An essential kind of success-perhaps the most critical type-is psychological. Unfortunately,many people attain financial wealth and yet ignore the importance of their psychological health. We tend to frequently check our bank statements and balance our checkbooks, yet we put off reflecting on what’s happening in our minds. With the rates of anxiety and depression becoming more prevalent, it’s time to prioritize and take inventory on our thoughts, feelings, and actions. We begin by reflecting on our past and current relationships (social, personal, occupational, spiritual). What seems to be the theme? What or who is the common denominator of the problem? What are my greatest liabilities and am I ready to discard them? The initiation of such a process is probably the most daring and life changing endeavor a person will ever embark on. Psychological success requires discipline, structure, and an enduring commitment to tend to one’s inner life. A dedication to reflect, admit defects, and take on the painstaking task of breaking unhealthy patterns and cycles is by far the best form of achievement. Psychological success is the thread that holds everything together and it’s proper management pays off the greatest dividends.
Addiction pertains to all of us. Though the problem may not be substances or compulsions, the condition of addiction is universal and we all experience it to some degree. Every time we turn away from what is true, what is good, what is just, what is virtuous- we take another “hit” in favor of what seems gratifying. While it may seem harmless-to look away or evade your responsibility-it erodes the soul and gradually removes us from our nature of loving, caring, feeling, uniting, connecting, etc. Being unable to face the reality that we are living in contrary to our nature, we continue to turn away, drifting further into pleasures and distractions until anxiety, or depression, or crisis signals us to take action. Recovery is a return to the fundamental aspects of being a person… it is the state of answering life’s questions with action of what is good for the world and what is my responsibility in this given moment. Recovery limits or all together turns away from distractions and pleasures that get in the way of this responsibility.
I’ve come to realize that at the core of every relapse, underneath the distress and volatility of each craving, there is a sincere and desperate cry for reality… a reality tht lives out love, wisdom, and truth in its purest form.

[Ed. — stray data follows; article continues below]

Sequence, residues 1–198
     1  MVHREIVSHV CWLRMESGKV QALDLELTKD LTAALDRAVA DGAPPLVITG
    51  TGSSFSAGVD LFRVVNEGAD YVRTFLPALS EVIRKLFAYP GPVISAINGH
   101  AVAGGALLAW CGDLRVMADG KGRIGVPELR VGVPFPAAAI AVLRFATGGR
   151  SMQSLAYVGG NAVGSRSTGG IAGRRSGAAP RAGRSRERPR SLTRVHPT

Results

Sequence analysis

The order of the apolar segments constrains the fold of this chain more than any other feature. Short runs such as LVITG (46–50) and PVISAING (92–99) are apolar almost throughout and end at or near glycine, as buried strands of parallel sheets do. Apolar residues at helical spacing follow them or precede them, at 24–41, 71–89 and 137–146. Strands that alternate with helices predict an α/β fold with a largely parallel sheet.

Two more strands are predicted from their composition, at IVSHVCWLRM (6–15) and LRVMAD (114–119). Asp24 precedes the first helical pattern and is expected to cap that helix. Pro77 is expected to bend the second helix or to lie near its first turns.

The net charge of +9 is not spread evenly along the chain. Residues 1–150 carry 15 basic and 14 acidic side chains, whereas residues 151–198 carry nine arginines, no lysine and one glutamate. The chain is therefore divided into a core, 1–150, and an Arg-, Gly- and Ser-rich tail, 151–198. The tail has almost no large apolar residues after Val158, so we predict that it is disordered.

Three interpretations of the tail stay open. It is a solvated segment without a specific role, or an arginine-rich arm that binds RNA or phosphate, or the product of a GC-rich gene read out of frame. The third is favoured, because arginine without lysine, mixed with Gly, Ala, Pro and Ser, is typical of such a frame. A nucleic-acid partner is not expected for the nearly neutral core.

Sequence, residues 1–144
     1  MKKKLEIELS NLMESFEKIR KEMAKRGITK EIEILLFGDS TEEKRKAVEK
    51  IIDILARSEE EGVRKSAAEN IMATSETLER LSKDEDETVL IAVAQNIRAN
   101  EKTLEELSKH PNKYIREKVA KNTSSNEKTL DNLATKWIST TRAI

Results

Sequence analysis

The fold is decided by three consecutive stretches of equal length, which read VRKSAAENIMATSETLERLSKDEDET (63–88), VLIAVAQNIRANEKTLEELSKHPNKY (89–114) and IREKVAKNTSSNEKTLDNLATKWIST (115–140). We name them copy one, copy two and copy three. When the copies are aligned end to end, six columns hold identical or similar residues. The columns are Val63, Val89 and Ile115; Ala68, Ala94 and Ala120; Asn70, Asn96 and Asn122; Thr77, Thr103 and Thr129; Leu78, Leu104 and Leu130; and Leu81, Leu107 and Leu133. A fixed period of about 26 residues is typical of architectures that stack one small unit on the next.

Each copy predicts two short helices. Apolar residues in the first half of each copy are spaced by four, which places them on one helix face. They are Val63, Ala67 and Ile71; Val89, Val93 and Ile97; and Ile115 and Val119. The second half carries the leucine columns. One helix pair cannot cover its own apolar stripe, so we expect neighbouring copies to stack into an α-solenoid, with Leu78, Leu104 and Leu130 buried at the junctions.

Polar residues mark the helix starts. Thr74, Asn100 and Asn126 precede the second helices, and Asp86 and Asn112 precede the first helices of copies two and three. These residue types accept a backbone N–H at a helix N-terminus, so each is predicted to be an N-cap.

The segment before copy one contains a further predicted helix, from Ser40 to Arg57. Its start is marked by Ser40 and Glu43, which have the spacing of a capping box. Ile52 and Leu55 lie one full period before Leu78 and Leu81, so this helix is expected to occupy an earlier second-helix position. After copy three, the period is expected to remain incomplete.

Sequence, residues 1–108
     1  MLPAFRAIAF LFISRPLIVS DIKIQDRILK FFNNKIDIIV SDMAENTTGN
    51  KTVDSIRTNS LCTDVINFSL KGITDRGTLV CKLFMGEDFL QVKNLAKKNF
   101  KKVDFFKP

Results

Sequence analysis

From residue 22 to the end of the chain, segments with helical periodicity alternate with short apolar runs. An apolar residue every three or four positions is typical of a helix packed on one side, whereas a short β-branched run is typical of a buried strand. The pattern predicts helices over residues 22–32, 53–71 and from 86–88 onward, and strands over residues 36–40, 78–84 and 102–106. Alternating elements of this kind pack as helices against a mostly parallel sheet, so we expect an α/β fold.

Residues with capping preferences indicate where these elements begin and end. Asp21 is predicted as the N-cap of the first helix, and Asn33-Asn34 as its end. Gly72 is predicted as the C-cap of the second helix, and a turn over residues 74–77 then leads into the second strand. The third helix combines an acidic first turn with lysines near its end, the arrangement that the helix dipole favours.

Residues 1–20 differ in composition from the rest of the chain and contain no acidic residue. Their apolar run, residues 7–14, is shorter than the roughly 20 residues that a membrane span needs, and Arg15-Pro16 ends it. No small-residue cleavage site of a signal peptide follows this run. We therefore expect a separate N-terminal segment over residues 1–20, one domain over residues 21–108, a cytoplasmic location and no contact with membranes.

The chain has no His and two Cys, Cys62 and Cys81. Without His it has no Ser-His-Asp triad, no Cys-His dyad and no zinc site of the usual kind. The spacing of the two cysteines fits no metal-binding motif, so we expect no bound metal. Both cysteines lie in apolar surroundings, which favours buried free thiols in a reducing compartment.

All the rituals and practices of the major organized religions cannot parallel the moment a person hits rock bottom. There are no scripts, no pretensions, no rehearsed utterances…just a man or woman bearing their soul, pleading for healing, for answers- sending their cry into the void in hopes that Something or Someone will come. It’s miraculous to watch. You’ll never see someone as connected to their natural state as that. It’s similar to watching the miracle of birth. Being able to be a part of moments like this, I’ve discovered that there is something greater than ourselves watching over Its creation and I’m convinced loves us.
“Pick me up and throw me where you will. Wherever I land I shall keep the god within me happy…” -Marcus Aurelius, Meditations
I’ve heard many stories from people in recovery dealing with obstacles, some so severe I wondered how they were managing to stay clean and sober. Some had lost their homes to foreclosure. Some were laid off from work. And some had even lost children to illness. In every account, the same statement reappeared at the end of each share, “But I didn’t drink” or “I didn’t pick up”… “no matter what.” These people were living proof that something profound had taken place within, a spiritual awakening. Though the external reality of their lives were constant and difficult, there was a wise and directing consciousness beneath what they presented. This consciousness was impenetrable- although their lives were shaken, they were far from broken.